From Skepticism to Paralysis: The Apraxia Argument in Cicero’s Academica

Ancient Philosophy 32 (2):369-392 (2012)
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Abstract

This paper analyzes the apraxia argument in Cicero’s Academica. It proposes that the argument assumes two modes: the evidential mode maintains that skepticism is false, while the pragmatic claims that it is disadvantageous. The paper then develops a tension between the two modes, and concludes by exploring some differences between ancient and contemporary skepticism.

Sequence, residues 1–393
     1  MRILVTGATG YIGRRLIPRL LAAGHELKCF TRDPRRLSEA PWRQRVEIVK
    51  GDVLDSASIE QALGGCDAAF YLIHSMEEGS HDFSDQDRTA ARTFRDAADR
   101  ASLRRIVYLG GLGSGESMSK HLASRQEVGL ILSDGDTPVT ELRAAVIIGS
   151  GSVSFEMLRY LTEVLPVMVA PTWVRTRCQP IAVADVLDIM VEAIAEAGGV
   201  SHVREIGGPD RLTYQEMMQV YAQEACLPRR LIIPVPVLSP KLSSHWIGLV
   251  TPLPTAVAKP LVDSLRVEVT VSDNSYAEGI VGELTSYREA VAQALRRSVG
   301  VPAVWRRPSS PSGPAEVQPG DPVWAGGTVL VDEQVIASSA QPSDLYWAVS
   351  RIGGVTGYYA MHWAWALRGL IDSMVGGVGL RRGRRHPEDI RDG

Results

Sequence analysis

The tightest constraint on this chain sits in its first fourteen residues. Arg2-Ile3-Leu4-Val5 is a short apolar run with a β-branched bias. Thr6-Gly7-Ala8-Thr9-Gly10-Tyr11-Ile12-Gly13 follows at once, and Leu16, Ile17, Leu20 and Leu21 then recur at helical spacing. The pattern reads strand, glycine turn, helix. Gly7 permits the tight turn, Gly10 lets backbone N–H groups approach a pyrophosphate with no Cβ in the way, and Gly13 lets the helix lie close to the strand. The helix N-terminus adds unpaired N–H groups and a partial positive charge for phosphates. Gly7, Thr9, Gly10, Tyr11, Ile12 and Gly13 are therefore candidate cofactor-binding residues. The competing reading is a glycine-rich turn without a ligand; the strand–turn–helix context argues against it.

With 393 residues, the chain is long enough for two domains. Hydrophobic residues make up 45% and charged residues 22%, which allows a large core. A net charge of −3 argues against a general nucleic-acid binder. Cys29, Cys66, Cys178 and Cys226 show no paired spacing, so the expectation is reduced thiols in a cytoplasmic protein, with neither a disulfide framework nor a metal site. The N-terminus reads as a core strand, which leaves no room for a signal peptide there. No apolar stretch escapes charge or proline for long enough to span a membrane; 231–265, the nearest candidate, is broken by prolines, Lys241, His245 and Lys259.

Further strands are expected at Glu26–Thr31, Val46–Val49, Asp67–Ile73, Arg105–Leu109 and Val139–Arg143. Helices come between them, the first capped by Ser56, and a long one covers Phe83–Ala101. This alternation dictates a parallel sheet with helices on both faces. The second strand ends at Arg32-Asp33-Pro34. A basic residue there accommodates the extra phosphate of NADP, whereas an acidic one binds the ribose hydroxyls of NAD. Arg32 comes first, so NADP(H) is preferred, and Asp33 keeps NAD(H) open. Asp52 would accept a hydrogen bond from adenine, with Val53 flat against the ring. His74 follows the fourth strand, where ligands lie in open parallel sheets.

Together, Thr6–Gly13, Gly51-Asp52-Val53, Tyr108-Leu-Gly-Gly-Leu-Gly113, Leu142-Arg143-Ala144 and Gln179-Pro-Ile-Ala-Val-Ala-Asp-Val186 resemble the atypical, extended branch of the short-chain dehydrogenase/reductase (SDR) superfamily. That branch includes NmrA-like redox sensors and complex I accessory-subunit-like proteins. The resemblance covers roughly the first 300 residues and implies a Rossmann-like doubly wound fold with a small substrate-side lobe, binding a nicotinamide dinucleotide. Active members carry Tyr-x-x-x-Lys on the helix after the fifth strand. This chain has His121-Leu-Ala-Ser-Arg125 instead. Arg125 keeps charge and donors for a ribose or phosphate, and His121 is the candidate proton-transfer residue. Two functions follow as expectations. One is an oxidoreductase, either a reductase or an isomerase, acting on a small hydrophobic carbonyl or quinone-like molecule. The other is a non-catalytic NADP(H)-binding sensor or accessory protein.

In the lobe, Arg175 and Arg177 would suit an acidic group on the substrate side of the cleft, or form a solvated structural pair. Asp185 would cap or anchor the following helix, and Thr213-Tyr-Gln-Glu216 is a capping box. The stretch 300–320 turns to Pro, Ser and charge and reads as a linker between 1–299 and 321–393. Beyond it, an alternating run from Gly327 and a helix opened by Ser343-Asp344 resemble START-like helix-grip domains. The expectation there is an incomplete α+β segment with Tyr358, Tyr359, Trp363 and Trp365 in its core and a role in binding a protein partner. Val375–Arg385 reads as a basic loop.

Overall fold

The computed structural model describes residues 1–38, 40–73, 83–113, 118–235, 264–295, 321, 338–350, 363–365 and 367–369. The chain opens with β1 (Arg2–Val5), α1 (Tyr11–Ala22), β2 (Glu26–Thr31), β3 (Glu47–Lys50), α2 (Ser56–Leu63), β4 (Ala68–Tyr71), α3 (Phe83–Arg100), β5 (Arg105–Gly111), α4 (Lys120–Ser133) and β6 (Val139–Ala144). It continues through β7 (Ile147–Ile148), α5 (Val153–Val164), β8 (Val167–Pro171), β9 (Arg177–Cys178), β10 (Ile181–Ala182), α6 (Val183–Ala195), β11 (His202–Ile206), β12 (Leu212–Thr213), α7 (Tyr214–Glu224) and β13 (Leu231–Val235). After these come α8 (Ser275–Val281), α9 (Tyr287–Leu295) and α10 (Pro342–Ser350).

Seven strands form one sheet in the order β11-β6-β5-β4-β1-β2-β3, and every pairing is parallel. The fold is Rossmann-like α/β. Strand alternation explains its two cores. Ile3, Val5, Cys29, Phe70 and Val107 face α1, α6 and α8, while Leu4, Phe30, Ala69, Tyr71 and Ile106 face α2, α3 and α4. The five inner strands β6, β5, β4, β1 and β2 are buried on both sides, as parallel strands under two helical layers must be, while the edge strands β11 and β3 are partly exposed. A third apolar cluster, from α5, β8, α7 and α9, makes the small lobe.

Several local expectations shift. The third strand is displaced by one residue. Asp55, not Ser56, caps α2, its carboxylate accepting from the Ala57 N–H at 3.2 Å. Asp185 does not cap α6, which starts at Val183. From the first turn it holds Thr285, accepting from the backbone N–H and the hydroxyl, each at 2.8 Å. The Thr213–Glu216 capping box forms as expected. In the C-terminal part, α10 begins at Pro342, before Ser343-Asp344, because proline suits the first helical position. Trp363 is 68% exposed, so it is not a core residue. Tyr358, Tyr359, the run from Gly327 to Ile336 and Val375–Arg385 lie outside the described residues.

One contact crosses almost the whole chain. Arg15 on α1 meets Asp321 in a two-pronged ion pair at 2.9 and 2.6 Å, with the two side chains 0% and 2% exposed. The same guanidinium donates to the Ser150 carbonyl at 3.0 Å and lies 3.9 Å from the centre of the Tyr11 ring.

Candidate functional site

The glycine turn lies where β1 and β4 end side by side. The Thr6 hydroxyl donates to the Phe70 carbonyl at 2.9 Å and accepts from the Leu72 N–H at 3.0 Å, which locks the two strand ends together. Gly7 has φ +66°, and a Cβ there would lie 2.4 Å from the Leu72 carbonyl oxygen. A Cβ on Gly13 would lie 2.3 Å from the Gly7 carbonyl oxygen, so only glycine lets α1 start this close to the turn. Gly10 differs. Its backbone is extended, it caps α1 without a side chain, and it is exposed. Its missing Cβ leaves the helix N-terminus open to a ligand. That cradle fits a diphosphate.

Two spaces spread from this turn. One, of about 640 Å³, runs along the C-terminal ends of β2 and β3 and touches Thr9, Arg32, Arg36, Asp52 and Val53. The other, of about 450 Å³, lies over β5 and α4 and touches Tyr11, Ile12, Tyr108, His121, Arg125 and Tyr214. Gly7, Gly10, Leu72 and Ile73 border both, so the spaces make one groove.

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Suzanne Obdrzalek
Claremont McKenna College

Citations of this work

Scepticisme, apraxia et rationalité.Diego E. Machuca - 2019 - In Diego E. Machuca & Stéphane Marchand (eds.), Les raisons du doute: études sur le scepticisme antique. Paris: Classiques Garnier. pp. 53-87.
De praktische en epistemische waarde van het pyrronisme.Diego Machuca - 2016 - Algemeen Nederlands Tijdschrift voor Wijsbegeerte 108 (1):73-98.
Ancient skepticism.Leo Groarke - forthcoming - Stanford Encyclopedia of Philosophy.

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References found in this work

The View From Nowhere.Thomas Nagel - 1986 - Oxford University Press.
Elusive knowledge.David K. Lewis - 1996 - Australasian Journal of Philosophy 74 (4):549 – 567.
The View from Nowhere.Thomas Nagel - 1986 - Behaviorism 15 (1):73-82.

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